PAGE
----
Last Saturday was the Producers Guild of America annual awards ceremony at the Hyatt Regency Century Plaza, and I loved sitting a few tables away from Clint Eastwood, Brad Pitt, stunning Keira Knightley et al. The highlight was listening to producer Gale Anne Hurd describe how she climbed that ladder as a female producer in the '80s.
|Photo courtesy of John Shearer|
Anyway, I owe you photos and explanation as to how I made more of the furniture in the Santa's Workshop miniature piece. People have asked about the hutch, so I've explained below.
Note to non-American English speakers... 'hutch' is not something to keep your pet rabbit in. Here in the US 'hutch' means Welsh dresser. Yes, hutch means dresser. I know... baffled me at first too.
When designing the Santa / Father Christmas Workshop set, my aim was that it shouldn't look too realistic or dollhouse-esq, but like a whimsical, magical little world. I created the furniture to be a bit kooky and asymmetrical. You can see a sketch of the hutch in a previous post here. It should look a bit like a gingerbread house, full of unusual sweets and with painted decals like something from Germany or Switzerland.
I started by cutting odd shapes of basswood and gluing them together with wood glue. I built up the shelves and sides of the hutch with further pieces of basswood. Each time I glued something down I had to clamp it and wait as basswood easily distorts.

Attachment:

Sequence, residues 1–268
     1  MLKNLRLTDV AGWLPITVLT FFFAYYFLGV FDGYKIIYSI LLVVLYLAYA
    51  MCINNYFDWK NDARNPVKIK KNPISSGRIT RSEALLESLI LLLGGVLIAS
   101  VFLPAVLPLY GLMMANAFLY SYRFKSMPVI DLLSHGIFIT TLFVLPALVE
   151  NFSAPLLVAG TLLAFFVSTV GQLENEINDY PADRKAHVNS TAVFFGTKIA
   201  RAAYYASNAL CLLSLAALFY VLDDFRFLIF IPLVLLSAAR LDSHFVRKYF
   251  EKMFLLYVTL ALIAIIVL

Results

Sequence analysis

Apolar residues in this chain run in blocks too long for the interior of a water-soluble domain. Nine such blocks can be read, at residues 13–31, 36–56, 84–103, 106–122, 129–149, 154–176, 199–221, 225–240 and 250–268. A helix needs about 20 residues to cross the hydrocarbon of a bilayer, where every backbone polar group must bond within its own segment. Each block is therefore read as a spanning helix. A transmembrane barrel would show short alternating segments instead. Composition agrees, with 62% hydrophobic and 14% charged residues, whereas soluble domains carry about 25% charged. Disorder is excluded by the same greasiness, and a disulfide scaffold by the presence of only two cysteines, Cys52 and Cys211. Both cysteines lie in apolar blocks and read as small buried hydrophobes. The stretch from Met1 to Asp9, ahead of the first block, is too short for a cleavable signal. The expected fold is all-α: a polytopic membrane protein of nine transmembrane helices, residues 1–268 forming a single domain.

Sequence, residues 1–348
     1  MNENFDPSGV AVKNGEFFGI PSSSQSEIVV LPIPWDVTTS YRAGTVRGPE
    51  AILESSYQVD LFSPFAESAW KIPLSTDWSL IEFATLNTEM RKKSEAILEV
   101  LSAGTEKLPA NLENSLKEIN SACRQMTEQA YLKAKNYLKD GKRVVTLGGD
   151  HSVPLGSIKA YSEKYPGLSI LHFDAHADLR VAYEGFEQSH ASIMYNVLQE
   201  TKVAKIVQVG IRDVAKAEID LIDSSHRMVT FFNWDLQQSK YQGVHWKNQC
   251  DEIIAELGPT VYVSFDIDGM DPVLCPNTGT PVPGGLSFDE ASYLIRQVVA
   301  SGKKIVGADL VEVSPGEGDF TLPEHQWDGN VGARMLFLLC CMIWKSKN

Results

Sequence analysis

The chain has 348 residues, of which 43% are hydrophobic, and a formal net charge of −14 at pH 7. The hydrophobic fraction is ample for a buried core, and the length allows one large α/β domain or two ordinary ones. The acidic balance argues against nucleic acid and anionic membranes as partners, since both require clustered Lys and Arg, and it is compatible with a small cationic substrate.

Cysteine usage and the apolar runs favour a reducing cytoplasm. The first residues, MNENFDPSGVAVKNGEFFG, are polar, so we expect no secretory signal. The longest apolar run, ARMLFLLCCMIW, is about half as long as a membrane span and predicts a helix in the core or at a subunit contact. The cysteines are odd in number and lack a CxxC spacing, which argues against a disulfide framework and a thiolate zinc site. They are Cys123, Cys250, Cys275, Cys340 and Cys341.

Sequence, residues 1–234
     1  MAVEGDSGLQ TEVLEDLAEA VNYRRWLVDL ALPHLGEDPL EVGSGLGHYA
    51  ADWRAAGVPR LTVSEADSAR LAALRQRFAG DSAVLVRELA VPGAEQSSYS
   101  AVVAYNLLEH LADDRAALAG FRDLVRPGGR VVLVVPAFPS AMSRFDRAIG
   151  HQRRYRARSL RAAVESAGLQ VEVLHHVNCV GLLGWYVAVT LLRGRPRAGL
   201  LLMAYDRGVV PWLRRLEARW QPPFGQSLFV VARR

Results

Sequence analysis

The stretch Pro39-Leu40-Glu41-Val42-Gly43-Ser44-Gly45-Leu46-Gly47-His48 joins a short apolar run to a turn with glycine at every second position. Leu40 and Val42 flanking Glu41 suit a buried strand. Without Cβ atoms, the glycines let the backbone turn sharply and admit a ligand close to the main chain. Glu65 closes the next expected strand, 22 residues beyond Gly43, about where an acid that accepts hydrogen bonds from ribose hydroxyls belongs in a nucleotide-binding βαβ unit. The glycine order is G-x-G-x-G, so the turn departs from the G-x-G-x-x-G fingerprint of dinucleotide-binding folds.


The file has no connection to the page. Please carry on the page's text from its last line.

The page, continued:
I cut the top front piece with an arch, to display something decorative inside it, and made sure the heights of the shelves would fit my tiny glass jars.
The candy took days longer than the hutch. Pieces were made by me from polymer clay using a caning technique. I made lids for these tiny glass jars (jars were sourced), filled them with different colourful candy and glued the lids down.
The cupboard doors and drawers didn't need to open, so I made paper templates of different fun shaped door facades, then traced them onto basswood, cut them out, sanded them, stained them with the same wood-stain and glued them down.
I drilled holes into each door facade and glued tiny wooden doorknobs in. This really helps to create the illusion of an opening door / drawer. I also painted detailed tiny patterns at this stage.
Next all I had to do was glue all those tiny glass jars of candy in place, and paint a wooden ladder in a candy cane design. I also added individual pieces of candy on the bottom shelf and tiny folded silk cloths which were ironed and glued into shape beforehand.